Freight forwarding
The freight forwarder is at the heart of the (inter)national transport chain, a vital link between the shipper and the carrier. The freight forwarder enters into an forwarding agreement with its client (the shipper), where after it will enter into a contract of carriage with (inter alia) the carrier. If damage to the cargo would occur during the subsequent carriage the freight forwarder could remove itself from the equation regarding its client by issuing a ‘statement of forwarding agent’. The shipper can use that ‘statement of forwarding agent’ to go directly to the carrier to recover its damage/loss.

The other way around however, when the carrier has a claim, for example regarding, freight, demurrage or damage to the modality/ship caused by the cargo, the freight forwarder cannot just distance itself. This is because the freight forwarder has a completely different position towards the carrier than it has towards its own client. In regard to the carrier the freight forwarder will usually book the carriage not in the name of its client, but in its own name. If a freight forwarder books in its own name with a carrier the freight forwarder will be the carrier’s contractual counterparty. The carrier will therefore claim damage from the forwarder. Most forwarders shall have stipulated in their contract with the shipper that the FENEX-conditions are applicable. Under these general conditions the forwarder can redirect the claim from the carrier to the shipper. Amongst others the FENEX-conditions determine that all operations and activities shall be at the principals expense and risk. This however does not mean that the principal will act accordingly.

Reducing risk
There are ways in which the risks which freight forwarders are confronted with can be limited. For example by properly vetting the client. The level of professionalism, the country of origin and the financial capacity of the client are examples of factors that need to be weighed when accepting a freight forwarding agreement. An unreliable or barely solvent client could pose a potential threat to a freight forwarder. This applies all the more when the client is domiciled in an exotic country where it in practice is difficult the enforce a claim.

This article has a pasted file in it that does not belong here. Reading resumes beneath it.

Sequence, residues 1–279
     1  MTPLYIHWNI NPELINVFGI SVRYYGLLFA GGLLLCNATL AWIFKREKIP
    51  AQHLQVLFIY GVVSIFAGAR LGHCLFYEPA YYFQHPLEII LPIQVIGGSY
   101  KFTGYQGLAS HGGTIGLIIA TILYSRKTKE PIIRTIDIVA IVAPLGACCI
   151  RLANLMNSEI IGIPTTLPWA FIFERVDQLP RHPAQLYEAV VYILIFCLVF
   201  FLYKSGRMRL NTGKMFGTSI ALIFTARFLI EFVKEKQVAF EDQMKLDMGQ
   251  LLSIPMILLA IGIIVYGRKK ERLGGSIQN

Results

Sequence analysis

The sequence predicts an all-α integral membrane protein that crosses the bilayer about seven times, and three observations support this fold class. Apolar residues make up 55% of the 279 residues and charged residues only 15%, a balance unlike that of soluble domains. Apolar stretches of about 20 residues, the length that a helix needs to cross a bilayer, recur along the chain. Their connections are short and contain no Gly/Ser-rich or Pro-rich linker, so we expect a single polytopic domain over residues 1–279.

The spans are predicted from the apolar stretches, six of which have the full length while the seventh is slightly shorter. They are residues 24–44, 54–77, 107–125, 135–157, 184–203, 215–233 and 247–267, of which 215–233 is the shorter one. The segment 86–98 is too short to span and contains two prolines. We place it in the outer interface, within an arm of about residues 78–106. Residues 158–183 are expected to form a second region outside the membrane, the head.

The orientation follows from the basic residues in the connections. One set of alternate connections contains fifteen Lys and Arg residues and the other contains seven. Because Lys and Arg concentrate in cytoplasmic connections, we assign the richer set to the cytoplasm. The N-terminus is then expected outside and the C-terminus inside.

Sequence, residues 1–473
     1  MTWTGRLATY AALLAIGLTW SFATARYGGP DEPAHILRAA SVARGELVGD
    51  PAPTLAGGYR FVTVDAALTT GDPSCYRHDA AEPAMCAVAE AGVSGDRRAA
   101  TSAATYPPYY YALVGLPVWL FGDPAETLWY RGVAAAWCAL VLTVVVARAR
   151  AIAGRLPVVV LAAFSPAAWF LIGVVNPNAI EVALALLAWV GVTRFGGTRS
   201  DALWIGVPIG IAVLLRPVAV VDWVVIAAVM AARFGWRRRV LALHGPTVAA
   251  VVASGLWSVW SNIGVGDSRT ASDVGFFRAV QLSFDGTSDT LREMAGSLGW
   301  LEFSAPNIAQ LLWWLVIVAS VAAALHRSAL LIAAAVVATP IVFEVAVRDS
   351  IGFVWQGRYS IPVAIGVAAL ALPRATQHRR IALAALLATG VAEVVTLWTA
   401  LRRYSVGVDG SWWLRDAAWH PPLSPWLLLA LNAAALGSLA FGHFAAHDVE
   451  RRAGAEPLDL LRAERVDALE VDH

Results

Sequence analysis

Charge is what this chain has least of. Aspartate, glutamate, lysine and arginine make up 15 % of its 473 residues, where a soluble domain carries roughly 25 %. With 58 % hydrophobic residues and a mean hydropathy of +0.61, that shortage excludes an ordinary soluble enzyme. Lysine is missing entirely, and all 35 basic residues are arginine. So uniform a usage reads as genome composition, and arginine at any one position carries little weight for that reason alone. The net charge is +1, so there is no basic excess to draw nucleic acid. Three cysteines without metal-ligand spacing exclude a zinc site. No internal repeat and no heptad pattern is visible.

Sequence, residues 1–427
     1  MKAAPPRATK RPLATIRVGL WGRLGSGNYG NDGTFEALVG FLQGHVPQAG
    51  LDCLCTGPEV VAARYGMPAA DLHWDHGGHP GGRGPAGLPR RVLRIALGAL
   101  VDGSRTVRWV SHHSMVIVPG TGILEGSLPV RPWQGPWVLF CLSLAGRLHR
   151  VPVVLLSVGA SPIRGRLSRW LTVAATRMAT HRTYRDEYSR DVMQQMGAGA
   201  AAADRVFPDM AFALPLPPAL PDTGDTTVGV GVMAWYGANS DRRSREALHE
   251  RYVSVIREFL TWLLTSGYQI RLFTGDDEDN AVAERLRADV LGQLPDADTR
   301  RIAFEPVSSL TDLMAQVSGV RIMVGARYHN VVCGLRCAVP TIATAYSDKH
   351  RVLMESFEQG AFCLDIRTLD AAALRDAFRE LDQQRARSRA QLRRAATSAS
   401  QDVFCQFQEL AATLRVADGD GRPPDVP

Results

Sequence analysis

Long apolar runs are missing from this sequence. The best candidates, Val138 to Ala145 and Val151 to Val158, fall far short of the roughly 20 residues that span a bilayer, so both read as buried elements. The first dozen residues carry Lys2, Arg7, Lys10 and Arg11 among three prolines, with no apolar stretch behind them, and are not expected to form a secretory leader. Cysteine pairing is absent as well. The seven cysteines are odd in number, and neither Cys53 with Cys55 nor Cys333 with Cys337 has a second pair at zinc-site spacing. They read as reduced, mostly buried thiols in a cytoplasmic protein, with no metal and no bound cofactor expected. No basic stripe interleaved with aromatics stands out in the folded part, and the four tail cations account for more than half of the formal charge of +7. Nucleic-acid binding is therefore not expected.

Furthermore it is of great importance to be careful with handing over the Bill of Lading to the client, doing so will leave the freight forwarder with few ways to enforce its rights. In many cases the client has no access to the cargo without the Bill of Lading. Retaining the Bs/L is therefore an ideal measure to press the client to perform. However, caution should be exercised in case the client would subsequently wait a long time with accepting the goods in the port of discharge, the carrier would confront the freight forwarder with (container) demurrage and storage costs. The freight forwarder has no power to end this situation by himself because it does not have the right to receive the goods. The freight forwarder has, based on the FENEX-conditions, a right of pledge and a right of retention on all the items, documents and monies that it has under it. The freight forwarder can use this right of retention to deny handing over the bill of lading until its client has paid, or has provided adequate security for a (impending) demurrage claim of the carrier.

Further, it is also of great importance for the freight forwarder to carefully decide whether or not to place a booking in its own name, or in name of the carrier. This second option ensures that the client of the freight forwarder will (also) be bound to the contract of carriage, as long as the freight forwarder possesses an adequate power of attorney. In case this would not be the situation the freight forwarder will still be liable towards the carrier due to unauthorized representation (article 3:70 Dutch Civil Code). If the freight forwarder books, with proper authorization, in the name of its client, the carrier can directly claim such things as freight or container demurrage from the shipper.

To summarize, in order to operate in a legally safe(r) manner as a freight forwarder it is important to know the client and to carefully choose which party to bind to the contract of carriage. It is also important to be careful in handing over the carriage documents. This will prevent the forwarder from getting trapped between the carrier and the shipper.